In Step 2, he explained, you mate a wizard to someone who could not have the wizarding gene. Fridwulfa, the giantess, married Mr. Hagrid, a wizard, to produce our beloved Rubeus Hagrid, who was a wizard. Since giants cannot have the wizarding gene, but Hagrid is still a wizard, the wizarding gene must be dominant!

Crowd of students ask provocative questions about squibs and recessive vs. dominant inheritance. Credit: Arnab Chatterjee

Crowd of students ask provocative questions about squibs and recessive vs. dominant inheritance. Credit: Arnab Chatterjee

You’ll have to stop by Dr. Spana’s office to ask him more about where muggle-borns and squibs come from. There’s a few different genetic explanations, and I encourage you to do some thinking and exploration.

Outside of his work on the genetics of Harry Potter, Dr. Spana also researches and teaches Genetics & Developmental Biology at Duke.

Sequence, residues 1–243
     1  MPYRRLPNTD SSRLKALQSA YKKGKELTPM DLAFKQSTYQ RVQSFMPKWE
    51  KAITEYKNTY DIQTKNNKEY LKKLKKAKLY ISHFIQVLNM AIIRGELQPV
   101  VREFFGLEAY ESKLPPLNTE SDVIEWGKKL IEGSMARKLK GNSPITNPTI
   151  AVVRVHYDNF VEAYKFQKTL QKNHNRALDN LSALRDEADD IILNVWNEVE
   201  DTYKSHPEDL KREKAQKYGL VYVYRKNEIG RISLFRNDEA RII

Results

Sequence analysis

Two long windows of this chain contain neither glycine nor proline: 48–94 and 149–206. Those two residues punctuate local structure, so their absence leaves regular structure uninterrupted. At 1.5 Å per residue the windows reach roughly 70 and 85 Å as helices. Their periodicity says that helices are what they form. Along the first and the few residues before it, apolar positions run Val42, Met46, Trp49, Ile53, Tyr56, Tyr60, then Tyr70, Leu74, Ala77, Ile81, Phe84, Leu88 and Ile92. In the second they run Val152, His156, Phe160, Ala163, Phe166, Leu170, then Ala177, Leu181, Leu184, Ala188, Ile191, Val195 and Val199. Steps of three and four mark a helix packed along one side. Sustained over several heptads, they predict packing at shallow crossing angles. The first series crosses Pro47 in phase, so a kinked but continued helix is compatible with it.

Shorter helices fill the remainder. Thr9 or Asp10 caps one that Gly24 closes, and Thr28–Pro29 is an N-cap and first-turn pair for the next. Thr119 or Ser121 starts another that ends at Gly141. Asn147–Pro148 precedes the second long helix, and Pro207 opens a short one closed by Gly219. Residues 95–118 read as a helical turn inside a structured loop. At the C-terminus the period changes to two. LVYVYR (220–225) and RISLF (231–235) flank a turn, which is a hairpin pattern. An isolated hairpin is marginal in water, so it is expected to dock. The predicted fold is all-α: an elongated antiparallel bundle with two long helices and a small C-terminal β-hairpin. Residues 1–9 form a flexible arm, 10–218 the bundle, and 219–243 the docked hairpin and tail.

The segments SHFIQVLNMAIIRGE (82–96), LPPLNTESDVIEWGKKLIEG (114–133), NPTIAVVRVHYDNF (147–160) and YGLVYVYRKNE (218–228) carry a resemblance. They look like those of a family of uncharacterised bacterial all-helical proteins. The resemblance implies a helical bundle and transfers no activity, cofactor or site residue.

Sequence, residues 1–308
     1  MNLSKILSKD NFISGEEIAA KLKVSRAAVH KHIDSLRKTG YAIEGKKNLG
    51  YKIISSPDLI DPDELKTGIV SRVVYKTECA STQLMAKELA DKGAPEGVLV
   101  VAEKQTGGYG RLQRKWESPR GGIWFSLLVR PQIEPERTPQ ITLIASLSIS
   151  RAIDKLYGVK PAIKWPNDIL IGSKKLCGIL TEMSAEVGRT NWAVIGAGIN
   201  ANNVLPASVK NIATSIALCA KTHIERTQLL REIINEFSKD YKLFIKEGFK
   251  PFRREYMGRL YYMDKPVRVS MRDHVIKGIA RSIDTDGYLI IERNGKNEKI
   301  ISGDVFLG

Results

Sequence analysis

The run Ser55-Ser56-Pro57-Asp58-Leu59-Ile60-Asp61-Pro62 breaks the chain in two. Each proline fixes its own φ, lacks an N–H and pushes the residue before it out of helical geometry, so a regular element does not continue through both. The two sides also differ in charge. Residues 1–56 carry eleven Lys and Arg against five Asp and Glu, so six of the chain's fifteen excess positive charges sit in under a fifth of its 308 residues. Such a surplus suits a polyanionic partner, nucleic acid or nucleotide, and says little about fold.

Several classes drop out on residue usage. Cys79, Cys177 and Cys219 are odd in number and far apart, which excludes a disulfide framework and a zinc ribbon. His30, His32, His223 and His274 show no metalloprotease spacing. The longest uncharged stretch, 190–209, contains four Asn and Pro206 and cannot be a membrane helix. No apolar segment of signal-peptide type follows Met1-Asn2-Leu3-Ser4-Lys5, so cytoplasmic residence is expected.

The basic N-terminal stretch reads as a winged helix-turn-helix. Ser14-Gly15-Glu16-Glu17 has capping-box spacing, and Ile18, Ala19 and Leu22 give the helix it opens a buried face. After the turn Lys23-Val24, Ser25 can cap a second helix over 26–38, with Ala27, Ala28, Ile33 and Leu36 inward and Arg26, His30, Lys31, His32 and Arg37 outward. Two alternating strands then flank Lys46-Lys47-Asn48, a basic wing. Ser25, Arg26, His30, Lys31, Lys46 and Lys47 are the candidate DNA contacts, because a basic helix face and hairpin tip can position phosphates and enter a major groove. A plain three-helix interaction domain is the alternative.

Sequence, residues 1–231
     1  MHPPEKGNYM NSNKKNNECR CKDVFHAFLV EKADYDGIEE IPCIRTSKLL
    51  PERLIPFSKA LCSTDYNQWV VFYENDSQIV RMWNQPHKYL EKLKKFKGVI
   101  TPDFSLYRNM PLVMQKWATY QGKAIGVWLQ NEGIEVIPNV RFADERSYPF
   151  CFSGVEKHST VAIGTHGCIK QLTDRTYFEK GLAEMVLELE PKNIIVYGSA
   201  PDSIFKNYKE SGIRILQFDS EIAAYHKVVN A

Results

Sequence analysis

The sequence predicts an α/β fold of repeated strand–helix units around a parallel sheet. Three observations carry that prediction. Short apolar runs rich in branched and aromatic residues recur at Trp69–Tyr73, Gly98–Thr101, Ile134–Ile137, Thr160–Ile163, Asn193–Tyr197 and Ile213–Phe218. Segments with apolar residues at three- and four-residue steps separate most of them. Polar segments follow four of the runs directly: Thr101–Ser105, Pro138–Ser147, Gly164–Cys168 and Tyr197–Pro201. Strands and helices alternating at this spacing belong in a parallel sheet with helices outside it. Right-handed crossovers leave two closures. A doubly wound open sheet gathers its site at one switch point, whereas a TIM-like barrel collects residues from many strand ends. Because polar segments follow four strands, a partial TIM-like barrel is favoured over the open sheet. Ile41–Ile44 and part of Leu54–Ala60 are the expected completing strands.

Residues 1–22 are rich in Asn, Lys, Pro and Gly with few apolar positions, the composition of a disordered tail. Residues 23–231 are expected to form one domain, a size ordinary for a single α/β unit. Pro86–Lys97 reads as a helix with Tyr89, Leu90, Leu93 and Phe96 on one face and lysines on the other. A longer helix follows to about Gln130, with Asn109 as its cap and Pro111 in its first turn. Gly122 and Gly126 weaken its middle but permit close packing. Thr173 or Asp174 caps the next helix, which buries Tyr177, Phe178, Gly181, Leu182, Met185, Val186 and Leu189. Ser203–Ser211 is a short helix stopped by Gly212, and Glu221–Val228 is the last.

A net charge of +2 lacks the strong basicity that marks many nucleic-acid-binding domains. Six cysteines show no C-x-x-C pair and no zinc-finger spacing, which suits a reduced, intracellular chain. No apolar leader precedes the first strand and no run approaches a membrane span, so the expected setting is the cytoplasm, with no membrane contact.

Death with Dignity: the Brittany Maynard Story

By Nonie Arora

Is it acceptable for patients to choose to die on their own terms? Can physicians assist them with their wishes? Where do we draw the line for euthanasia and end-of-life decision making? Faculty and students discussed these thorny issues at a recent Science & Society Round Table event, co-hosted by the Duke Undergraduate Bioethics Society.

Brittany Maynard, "Death with Dignity" advocate. Credit: Wikipedia

Brittany Maynard, “Death with Dignity” advocate. Credit: Wikipedia

This event was sparked by the recent events regarding Brittany Maynard. On November 1st, Maynard, a 29-year-old terminally ill cancer patient, chose to take a pill that ended her life.